Tuesday Tips for Caregivers: How to Balance Stress as a Family Caregiver
As family caregivers, we are balancing a lot of different feelings, stresses, and emotions as we perform our role to care for a loved one. Often times, nobody trains us for such a demanding job and we are left to learn from our mistakes. Over time, the stress of caregiving and the emotional burden of caring for an aging loved one can build up, making us depressed, more stressed, and on-edge.
As a result, we probably have less patience and are more inclined to avoid doing things that are actually good for us, like pursuing favorite hobbies, self-care, and social interaction. In this blog, we want to explore some ways you can help lessen negative emotions and balance stress as a family caregiver. Below, we will share just a few ways you can decrease your burden.
How to Ease Your Burden
(1) Ask for Help: This cannot be stressed enough: ask for help. This can be the difference between caring for your loved one and burning out due to exhaustion. Asking for help can include anything from talking to a family member and organizing a working schedule together to hiring a professional caregiver. Concerning the latter, organizations like ElderCare at Home exist for this purpose. We are here to help you find time to relax and recharge.
(2) Set realistic goals: One of the ways we often disappoint ourselves is by setting unrealistic goals. This means that our goals are unlikely to be achieved given our current circumstances while we tell ourselves the exact opposite. After a while, we become discouraged, tired, and frustrated. Whatever tasks you set out to do, make sure you are realistic in your plans and endeavors. This a great preventative measure to minimize stress.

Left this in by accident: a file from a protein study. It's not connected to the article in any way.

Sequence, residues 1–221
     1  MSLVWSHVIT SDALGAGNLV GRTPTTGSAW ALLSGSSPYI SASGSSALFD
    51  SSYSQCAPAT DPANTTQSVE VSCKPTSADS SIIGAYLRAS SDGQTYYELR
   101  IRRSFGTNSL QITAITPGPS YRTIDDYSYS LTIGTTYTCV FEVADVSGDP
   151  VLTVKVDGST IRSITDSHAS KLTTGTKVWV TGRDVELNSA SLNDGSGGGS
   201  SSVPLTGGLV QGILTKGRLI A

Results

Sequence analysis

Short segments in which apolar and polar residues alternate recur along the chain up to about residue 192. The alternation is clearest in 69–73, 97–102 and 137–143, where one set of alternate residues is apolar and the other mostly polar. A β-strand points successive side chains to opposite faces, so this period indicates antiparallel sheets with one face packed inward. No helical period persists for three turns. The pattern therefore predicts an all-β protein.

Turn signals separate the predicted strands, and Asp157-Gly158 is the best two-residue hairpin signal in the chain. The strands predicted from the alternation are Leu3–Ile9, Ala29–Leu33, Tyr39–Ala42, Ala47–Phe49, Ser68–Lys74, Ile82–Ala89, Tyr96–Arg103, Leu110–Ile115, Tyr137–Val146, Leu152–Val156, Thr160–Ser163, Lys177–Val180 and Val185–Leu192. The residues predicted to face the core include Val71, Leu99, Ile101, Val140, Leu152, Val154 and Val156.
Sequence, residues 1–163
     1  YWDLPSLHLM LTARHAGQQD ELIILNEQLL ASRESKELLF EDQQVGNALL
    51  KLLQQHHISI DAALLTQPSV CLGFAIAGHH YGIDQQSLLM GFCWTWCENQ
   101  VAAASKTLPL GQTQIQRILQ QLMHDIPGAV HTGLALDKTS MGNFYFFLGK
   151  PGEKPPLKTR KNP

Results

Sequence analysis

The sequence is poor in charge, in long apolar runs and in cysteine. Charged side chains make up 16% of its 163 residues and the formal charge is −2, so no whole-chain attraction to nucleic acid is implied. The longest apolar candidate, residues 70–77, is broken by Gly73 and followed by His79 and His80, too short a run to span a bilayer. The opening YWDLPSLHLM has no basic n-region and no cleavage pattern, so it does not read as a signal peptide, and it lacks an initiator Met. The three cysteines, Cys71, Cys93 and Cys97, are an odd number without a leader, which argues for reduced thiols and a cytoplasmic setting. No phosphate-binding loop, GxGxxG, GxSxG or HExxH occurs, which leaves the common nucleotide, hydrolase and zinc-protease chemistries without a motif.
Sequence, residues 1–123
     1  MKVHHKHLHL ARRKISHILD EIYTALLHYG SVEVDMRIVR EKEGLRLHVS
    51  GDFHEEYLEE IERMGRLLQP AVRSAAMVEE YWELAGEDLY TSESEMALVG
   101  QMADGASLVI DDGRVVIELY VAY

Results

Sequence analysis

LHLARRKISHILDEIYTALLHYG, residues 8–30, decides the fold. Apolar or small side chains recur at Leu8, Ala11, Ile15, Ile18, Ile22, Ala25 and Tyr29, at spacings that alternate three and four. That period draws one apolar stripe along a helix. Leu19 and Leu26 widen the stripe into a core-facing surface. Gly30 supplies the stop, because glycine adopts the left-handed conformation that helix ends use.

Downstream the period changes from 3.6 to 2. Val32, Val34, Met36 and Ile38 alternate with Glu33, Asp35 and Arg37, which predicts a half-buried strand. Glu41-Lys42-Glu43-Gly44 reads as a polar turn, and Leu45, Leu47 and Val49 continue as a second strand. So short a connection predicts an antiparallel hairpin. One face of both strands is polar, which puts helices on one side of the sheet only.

(3) Accept how your feel: One of the ways we can balance our emotions is to understand that they can be normal parts of our experiences as caregivers. We do not need to feel ashamed for feeling frustrated, guilty, or sad. These emotions are expected. Acceptance is also a good practice to understand what might lead you to feel a certain way at certain points. Knowing what your triggers are is a good way to learn about yourself and your emotional limits.
(4) Connect with others: One of the worst things we can do is to isolate ourselves from the people we love. Unfortunately, it is an easy thing to do when we are feeling stressed or depressed. Resist this temptation by scheduling a night out with friends or a weekend lunch with a cherished family member. Socializing and going out are great ways to keep up our mental health and encourage a good mood.
(5) Talk to a mental health professional: Last but definitely not least is taking mental health seriously. Feeling sad, angry, depressed, or overburdened are all reasons to see a certified mental health counselor. These a professional with the necessary educational background who can treat people experiencing mental health challenges. Just like you would go to the doctor if a part of your body was aching, you can go to a counselor to discuss the complex set of emotions you feel as a family caregiver. One other option is to go to a support group. There are many kinds of support groups out there, and there are even ones geared toward family caregivers.
If you have any other questions, then please give ElderCare at Home at call at 888-285-0093 or visit our website.